Letter challenges 'Bama to match rival’s free speech policy

A University of Alabama student group sent a letter to administrators Monday provocatively lauding their football rival for having a more effective campus free speech policy.

The letter, written on behalf of a student group by members of Alliance Defending Freedom and Young America’s Foundation on the eve of the Oct. 21 football game against University of Tennessee, urges the school to improve its Facilities and Grounds Use Policy, which currently requires a special permit for some forms of speech.

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“It’s almost the Third Saturday in October. But while no one born since the advent of the iPhone can remember a Tennessee victory over Alabama on the gridiron, Tennessee’s free speech winning streak over Alabama is alive and well,” the letter reads.

“As you’ll see, we’re hoping this communication counts as a ‘casual’ expression under University of Alabama’s Facilities and Grounds Use Policy, since we don’t have prior permission from the University to engage in formal expression,” the letter continues, adding that “if we were writing the University of Tennessee, we could be more formal because they don’t require advance permission for either kind of expression.”

ADF Legal Counsel Caleb Dalton, one of the authors of the letter, told Alliance Defending Freedom that the First Amendment “protects speech regardless of whether it is casual or newsworthy” and is “the only permission slip any student needs to engage in expression.”

“Alabama’s current policy gives free reign to university officials to restrict speech based on these unconstitutional categories, so we challenge them to make clear, prior to the game on Saturday, that they will take a look at the errors in their policy,” he added.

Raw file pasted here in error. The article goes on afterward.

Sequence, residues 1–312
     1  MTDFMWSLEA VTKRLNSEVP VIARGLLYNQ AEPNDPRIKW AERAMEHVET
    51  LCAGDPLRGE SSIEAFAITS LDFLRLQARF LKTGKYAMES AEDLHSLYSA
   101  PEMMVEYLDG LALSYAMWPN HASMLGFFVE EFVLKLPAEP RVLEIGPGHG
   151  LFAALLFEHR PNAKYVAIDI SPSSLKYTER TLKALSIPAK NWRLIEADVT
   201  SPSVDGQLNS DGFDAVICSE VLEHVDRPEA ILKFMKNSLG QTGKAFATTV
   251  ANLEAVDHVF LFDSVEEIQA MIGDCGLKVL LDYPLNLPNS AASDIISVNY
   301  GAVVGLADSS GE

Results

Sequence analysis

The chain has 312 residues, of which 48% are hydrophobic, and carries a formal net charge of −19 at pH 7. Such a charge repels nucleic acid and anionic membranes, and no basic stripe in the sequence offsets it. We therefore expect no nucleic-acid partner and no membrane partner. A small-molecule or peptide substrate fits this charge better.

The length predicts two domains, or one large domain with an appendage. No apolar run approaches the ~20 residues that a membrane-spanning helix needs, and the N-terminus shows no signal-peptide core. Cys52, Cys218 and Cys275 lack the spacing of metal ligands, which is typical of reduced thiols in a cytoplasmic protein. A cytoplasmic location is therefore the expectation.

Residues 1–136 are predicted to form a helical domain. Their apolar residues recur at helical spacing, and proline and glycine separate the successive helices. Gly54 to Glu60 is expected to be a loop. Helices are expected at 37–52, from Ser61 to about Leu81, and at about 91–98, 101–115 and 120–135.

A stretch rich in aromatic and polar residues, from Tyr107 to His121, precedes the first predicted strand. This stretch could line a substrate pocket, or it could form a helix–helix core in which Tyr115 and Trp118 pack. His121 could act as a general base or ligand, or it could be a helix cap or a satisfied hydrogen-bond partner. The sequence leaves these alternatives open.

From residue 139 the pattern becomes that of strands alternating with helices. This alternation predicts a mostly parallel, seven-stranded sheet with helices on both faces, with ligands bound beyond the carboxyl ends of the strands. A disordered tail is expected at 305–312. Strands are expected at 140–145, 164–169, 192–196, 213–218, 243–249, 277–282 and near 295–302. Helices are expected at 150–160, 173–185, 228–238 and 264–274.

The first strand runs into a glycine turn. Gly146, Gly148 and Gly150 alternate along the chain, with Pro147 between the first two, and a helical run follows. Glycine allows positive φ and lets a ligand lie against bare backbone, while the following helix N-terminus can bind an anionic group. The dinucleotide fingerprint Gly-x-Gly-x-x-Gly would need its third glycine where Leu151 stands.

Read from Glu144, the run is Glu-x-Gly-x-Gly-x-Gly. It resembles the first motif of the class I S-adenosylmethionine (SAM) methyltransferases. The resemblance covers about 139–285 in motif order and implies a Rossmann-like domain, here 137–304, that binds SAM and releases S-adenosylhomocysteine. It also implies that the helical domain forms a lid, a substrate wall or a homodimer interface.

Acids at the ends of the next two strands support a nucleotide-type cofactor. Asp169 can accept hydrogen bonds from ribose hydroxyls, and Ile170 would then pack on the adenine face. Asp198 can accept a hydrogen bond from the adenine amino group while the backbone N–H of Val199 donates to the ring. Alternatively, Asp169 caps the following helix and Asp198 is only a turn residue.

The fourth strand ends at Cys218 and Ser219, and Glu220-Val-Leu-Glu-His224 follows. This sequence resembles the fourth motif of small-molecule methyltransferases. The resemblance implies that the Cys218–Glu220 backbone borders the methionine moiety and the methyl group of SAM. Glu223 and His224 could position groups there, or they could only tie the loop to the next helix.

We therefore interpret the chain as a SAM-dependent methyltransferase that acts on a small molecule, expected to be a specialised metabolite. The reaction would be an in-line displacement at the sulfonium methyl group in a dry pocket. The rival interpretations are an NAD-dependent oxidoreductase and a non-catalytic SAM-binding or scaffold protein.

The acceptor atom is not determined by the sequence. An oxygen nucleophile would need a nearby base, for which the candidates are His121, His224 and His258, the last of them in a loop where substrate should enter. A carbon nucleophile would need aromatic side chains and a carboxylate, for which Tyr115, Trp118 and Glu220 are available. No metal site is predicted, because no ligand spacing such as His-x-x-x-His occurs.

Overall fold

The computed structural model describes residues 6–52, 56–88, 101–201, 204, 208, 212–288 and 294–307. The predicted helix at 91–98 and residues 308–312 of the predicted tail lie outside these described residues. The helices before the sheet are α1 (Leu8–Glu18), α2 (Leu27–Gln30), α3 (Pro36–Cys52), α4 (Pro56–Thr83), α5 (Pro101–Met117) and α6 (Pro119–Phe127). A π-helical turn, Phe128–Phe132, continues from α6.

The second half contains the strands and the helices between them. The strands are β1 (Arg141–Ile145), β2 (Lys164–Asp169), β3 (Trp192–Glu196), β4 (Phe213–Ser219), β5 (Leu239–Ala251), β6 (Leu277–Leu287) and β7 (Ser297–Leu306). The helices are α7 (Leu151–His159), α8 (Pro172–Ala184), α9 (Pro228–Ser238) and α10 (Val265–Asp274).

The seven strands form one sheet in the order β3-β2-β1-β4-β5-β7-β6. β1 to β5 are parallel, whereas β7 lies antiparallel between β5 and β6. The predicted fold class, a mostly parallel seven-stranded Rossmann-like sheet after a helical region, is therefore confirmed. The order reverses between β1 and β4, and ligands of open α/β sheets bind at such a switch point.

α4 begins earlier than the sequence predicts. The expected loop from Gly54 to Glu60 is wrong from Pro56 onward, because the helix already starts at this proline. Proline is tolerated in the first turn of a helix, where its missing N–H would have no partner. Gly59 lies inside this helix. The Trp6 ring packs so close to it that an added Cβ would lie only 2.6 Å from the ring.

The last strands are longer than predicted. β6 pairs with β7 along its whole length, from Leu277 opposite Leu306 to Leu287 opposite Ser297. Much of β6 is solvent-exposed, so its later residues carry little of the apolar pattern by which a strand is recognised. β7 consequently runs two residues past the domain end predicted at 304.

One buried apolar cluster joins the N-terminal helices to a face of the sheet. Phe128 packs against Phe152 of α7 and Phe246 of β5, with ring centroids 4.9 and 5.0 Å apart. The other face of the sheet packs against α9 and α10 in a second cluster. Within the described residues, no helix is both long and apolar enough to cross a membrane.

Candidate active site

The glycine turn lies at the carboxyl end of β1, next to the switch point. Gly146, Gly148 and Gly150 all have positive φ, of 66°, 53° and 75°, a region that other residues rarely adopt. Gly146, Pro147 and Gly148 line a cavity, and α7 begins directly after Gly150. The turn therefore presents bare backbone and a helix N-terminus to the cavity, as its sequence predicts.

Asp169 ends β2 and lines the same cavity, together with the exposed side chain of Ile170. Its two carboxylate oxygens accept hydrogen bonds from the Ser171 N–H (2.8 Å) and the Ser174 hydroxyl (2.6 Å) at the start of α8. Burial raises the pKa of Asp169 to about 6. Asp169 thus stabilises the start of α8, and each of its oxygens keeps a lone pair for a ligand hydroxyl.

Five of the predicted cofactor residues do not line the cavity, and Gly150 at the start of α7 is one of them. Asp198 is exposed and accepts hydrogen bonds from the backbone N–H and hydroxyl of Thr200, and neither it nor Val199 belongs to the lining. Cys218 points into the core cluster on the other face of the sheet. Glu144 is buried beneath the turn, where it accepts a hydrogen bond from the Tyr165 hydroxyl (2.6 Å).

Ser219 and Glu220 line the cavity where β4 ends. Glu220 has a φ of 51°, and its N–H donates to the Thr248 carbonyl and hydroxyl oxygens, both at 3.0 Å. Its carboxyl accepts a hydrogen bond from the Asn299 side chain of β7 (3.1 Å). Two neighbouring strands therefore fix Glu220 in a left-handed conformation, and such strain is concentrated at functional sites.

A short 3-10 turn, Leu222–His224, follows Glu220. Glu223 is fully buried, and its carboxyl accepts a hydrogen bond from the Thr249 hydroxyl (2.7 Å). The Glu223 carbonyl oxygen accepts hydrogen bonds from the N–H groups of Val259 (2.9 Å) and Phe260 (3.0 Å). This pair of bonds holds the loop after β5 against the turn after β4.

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The letter argues that Alabama’s policies go far beyond the “reasonable ‘time, place, and manner’ restrictions” allowed under the First Amendment, pointing to an array of restrictions that the authors argue are unconstitutional.

“Alabama’s policies are not reasonable or content and viewpoint neutral, because they examine whether expression is related to recent national news events, prohibit anonymous speech because they require a GUP and agreement, and prohibit spontaneous speech because they require...advance approval,” the letter asserts, adding that the school’s policies also grant “unbridled discretion to administrators who may approve or disapprove of the speech based on its content or viewpoint.”

“Each of these restrictions and grants of discretion violates the First Amendment,” the document argues.

The authors conclude by encouraging the university review its policies and “correct them to comply with the First Amendment before the big game,” warning that failure to respond by Oct. 30 will force them “to consider ‘other than casual’ relief from the court system.”

“Today’s college students are tomorrow’s judges, legislators, teachers, and voters. The lessons they are learning about the First Amendment will impact our future,” noted Casey Mattox, director of the ADF Center for Academic Freedom. “As a lifelong Bama fan, I hope that the university will agree that these future leaders of our state and nation should no longer be taught that they must seek the government’s permission to speak freely.”

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